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Starbucks to close some stores due to safety concerns: Here’s where

(NEXSTAR) – Starbucks will be closing 16 locations in multiple cities over safety concerns, a spokesperson confirmed Tuesday.

Those stores are located in Seattle, the Los Angeles area, Portland, Washington D.C., and Philadelphia. All 16 will be closed by the end of the month, according to Starbucks.

The decision to close these locations were due to store leaders reporting “challenges in providing a safe and welcoming and kind environment,” a spokesperson told Nexstar.

“You’re also seeing firsthand the challenges facing our communities – personal safety, racism, lack of access to healthcare, a growing mental health crisis, rising drug use, and more. With stores in thousands of communities across the country, we know these challenges can, at times, play out within our stores too. We read every incident report you file – it’s a lot,” vice presidents of US operations Debbie Stroud and Denise Nelson wrote in a letter to employees Monday regarding safety at Starbucks stores.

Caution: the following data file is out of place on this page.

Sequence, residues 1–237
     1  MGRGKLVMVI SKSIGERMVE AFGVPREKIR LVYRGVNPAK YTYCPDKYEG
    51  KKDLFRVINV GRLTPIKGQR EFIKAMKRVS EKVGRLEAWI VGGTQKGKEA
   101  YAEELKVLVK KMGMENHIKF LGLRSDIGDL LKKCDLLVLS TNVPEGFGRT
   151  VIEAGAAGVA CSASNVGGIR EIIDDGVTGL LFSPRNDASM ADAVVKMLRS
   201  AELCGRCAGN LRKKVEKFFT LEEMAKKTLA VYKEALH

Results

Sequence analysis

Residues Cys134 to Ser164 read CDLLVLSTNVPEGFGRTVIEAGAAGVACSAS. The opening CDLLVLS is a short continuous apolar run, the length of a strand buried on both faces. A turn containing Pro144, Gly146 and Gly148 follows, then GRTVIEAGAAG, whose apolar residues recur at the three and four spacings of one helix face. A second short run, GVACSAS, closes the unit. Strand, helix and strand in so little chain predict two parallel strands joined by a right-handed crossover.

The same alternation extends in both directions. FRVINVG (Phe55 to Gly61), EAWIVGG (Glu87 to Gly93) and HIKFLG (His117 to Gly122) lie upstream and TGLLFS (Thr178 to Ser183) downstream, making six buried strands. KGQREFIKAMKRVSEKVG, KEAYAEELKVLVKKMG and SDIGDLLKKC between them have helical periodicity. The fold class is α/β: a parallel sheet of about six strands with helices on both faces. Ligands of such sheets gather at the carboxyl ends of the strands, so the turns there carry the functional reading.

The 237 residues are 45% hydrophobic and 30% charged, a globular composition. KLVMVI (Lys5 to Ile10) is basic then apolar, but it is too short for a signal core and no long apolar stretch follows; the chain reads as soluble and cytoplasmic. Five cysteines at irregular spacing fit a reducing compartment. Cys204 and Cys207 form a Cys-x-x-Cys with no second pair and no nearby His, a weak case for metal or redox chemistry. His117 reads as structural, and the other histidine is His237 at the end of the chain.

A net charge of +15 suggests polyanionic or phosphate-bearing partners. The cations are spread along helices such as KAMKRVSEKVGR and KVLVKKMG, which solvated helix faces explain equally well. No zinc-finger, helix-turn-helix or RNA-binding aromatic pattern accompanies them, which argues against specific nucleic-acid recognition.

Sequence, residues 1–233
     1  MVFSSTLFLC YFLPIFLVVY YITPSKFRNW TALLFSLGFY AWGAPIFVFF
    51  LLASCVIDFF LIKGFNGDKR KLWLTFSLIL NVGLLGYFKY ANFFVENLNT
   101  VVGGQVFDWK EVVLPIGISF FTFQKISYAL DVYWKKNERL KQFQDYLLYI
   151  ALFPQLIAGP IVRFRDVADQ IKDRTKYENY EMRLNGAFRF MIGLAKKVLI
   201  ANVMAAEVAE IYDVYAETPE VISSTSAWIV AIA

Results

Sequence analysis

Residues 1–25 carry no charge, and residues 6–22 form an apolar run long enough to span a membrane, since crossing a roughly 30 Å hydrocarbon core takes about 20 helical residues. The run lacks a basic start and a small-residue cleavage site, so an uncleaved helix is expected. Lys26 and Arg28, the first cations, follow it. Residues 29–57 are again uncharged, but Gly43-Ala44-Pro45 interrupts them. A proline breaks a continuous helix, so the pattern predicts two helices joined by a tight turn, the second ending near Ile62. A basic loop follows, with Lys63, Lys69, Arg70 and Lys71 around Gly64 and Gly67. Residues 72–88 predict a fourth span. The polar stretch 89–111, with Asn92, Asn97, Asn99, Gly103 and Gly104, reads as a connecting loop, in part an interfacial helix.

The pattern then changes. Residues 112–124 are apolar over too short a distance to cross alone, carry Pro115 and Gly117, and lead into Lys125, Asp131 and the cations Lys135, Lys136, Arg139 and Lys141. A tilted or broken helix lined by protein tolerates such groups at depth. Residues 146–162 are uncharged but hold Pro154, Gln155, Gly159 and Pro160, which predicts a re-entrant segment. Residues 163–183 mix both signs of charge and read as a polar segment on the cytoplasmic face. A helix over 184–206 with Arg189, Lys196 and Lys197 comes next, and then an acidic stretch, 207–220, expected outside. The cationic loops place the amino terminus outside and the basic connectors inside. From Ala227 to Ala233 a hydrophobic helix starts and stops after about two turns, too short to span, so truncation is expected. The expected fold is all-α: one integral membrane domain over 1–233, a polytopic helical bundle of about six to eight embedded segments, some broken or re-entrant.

In addition to laying out the company’s plans to “ensure [employees] feel more supported and empowered,” Stroud and Nelson say closing a store may happen when “safety … is no longer possible.”

These Starbucks locations are set to close in the coming weeks, a spokesperson confirmed to Nexstar:

  • 1st and Los Angeles (Doubletree), Los Angeles
  • 2nd and San Pedro, Los Angeles
  • Hollywood and Vine, Los Angeles
  • Hollywood and Western, Los Angeles
  • Ocean Front Walk and Moss, Los Angeles
  • Santa Monica and Westmount, Los Angeles
  • 4th and Morrison, Portland
  • Gateway, Portland, Oregon
  • 10th and Chestnut, Philadelphia
  • 23rd and Jackson, Seattle
  • 505 Union Station, Seattle
  • East Olive Way, Seattle
  • Highway 99 and Airport Road, Everett, Washington
  • Roosevelt Square, Seattle
  • Westlake Center, Seattle
  • Union Station Train Concourse, Washington, D.C.

Any employees impacted by these closures will be able to transfer to other locations.

In Monday’s letter, Stroud and Nelson outline other intended safety policies, like training employees “how to de-escalate situations, active shooter training, [and] mental health first aid trainings”; adjusting stores and designing them for safety; and providing clear policies and procedures.


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